Why are Italian tinned tomatoes better than Australian tomatoes? V. Roe
I think this is a matter of opinion that many would disagree with. But to test your theory I bought and opened four tins of tomatoes, two from Italy and two from Australia. I was looking for good mouth-feel, a balance of sweetness and acidity, a ripe tomato flavour and a clean finish.
The tomatoes from the two Italian tins were sweet and tasted like tomato juice. Both contained 60 per cent tomatoes and 40 per cent juice, in the form of a passata-like puree. One of the Italian tins contained cherry tomatoes in a thick sauce. They were delicious.
The first Australian tin was a supermarket brand containing 59 per cent tomatoes, puree, citric acid and calcium chloride. Citric acid is added to food to make it taste sharper. Calcium chloride is added for several reasons. It makes food taste saltier. It also inhibits the breakdown of pectin in the tomato cell walls, keeping the tomatoes firmer over time. Perhaps the calcium chloride was unnecessary as there were a few chunks of exceptionally firm, perhaps under-ripe tomatoes that refused to break down when I used the tomatoes in a pasta sauce.
The other Australian brand was Ardmona. It had 63 per cent tomato, juice, paste and thickener 1422. Thickener 1422 is acetylated di-starch adipate, starch treated with acid to create a thickener that withstands heating and agitation. The tin's contents had a slightly bitter aftertaste. Like the other Australian tomatoes, they seemed less delicious than the cheaper Italian tomatoes.
So based on my experience, I have to agree with you. Yet I buy tomatoes from growers whose faces appear on tins. I also bottle my own tomatoes and make passata from fresh tomatoes that I believe come from the same grower that supplies Ardmona. Mine always taste good. The flavour difference could be in the way the Australian processors can their tomatoes.As an aside, this little exercise did not involve imported San Marzano tomatoes. These long, sturdy tomatoes were developed for canneries and are suited to southern Italy, where the long, warm summers allow the tomatoes to fully ripen. These tins are also about three times the price of Australian tomatoes.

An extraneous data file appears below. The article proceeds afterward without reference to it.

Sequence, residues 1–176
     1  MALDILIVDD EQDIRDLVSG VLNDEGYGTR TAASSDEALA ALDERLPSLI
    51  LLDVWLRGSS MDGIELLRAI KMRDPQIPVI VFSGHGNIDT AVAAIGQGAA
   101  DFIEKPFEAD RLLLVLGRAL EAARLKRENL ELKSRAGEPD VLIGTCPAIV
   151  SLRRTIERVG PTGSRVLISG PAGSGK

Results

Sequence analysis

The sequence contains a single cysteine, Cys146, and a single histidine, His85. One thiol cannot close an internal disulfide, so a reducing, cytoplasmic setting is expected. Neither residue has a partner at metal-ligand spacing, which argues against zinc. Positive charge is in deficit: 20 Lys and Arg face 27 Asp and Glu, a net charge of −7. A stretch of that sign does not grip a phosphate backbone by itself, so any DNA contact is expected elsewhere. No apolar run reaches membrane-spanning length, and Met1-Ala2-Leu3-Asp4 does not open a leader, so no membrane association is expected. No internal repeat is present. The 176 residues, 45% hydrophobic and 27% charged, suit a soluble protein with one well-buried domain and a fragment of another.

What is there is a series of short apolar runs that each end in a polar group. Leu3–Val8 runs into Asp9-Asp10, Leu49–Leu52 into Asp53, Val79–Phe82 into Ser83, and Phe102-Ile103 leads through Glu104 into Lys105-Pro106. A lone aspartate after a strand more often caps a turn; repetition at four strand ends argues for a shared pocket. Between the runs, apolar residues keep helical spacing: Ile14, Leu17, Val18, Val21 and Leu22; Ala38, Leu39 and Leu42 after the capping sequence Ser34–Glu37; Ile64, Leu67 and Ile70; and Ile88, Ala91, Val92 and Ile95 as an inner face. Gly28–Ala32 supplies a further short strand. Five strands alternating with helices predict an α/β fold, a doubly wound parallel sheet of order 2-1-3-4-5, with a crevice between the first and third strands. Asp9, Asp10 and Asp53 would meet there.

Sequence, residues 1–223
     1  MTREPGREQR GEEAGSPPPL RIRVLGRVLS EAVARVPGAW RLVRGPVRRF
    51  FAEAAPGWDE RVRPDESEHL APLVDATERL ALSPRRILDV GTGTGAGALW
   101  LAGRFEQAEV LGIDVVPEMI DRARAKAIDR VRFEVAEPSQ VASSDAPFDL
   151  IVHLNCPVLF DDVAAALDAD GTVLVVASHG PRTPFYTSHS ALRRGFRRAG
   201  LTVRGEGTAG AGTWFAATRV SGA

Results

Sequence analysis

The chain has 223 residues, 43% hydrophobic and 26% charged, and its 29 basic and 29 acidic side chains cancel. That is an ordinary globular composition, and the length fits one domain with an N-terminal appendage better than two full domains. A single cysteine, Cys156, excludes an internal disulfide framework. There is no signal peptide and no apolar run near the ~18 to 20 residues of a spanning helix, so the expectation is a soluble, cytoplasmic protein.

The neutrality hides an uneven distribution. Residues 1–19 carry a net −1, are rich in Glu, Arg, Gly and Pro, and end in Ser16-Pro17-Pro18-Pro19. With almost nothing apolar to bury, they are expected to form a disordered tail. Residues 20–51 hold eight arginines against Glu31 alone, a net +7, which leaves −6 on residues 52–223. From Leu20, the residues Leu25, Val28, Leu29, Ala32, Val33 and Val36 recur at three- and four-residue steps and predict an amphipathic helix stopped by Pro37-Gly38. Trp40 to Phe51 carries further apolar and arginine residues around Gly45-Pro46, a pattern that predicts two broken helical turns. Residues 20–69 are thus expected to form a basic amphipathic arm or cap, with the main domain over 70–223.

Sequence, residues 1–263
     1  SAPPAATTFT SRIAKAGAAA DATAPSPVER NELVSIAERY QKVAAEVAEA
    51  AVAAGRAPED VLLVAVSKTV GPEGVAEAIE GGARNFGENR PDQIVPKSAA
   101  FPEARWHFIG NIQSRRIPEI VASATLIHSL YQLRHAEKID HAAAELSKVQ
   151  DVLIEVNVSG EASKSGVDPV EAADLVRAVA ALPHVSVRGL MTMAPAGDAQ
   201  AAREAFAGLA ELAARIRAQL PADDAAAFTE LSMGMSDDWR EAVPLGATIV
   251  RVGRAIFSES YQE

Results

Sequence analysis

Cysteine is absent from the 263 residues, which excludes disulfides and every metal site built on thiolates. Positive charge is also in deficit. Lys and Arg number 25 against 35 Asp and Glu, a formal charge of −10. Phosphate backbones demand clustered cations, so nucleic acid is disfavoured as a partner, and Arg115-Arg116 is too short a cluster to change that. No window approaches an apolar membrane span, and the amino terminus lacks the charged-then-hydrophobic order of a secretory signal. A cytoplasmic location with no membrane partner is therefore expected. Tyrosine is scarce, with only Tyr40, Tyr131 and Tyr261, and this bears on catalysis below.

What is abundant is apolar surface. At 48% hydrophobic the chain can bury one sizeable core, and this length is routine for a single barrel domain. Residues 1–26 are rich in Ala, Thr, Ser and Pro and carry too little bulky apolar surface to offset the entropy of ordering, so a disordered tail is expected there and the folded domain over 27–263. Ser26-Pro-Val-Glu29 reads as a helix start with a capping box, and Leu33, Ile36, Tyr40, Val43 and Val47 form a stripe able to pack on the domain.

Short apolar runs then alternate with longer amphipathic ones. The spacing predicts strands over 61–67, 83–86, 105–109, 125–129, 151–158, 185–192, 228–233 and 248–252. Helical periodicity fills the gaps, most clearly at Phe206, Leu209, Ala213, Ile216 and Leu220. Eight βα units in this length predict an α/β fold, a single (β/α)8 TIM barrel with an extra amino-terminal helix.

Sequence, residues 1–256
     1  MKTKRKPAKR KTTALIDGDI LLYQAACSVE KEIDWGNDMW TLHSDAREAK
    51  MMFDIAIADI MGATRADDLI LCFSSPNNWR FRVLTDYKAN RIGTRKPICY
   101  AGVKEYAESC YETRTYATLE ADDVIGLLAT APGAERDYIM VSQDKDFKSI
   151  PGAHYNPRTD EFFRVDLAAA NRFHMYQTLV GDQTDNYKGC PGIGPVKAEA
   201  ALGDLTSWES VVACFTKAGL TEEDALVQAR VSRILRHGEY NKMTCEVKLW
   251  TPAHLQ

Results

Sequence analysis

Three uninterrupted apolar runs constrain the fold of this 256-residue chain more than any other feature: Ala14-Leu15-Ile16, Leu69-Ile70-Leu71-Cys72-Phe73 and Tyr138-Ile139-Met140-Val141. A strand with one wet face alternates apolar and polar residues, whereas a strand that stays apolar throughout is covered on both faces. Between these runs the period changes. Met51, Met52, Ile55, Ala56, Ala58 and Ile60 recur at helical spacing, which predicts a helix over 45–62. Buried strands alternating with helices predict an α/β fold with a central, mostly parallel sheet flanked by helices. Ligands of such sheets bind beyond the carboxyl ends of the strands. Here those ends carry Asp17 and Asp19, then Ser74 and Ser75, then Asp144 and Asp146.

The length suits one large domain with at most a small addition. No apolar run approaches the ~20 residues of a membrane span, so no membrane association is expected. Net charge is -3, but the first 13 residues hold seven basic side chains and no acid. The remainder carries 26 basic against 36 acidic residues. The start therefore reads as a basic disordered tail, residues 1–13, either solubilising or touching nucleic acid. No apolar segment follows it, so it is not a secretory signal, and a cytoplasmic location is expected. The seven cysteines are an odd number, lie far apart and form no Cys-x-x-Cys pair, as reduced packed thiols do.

Where can I get Green Signal Tea? P. Craig
You are, of course, referring to the loose-leaf tea that was originally made by Griffith Brothers Tea Company, founded in Melbourne in 1879. It is a delicious and quite powerfully flavoured smoky tea made with China Pekoe leaves. Over the years the tea has been very popular, particularly in Victoria. It used to be stocked by Coles and Woolworths (formerly Safeway) but has gradually been discontinued by the big boys and in recent years has been available only at independent retailers. It is presently labelled Robur Green Signal Tea, owned by the Indian company Tata Global Beverages based in Melbourne. They suggest to look for the tea at Supa IGAs. You can buy Green Signal Tea online at yourgrocer.com.au.
Send your vexing culinary conundrums to email@example.com or tweet to @Realbrainfood.
Brain Food by Richard Cornish is out now from MUP (RRP $19.99, eBook $11.99).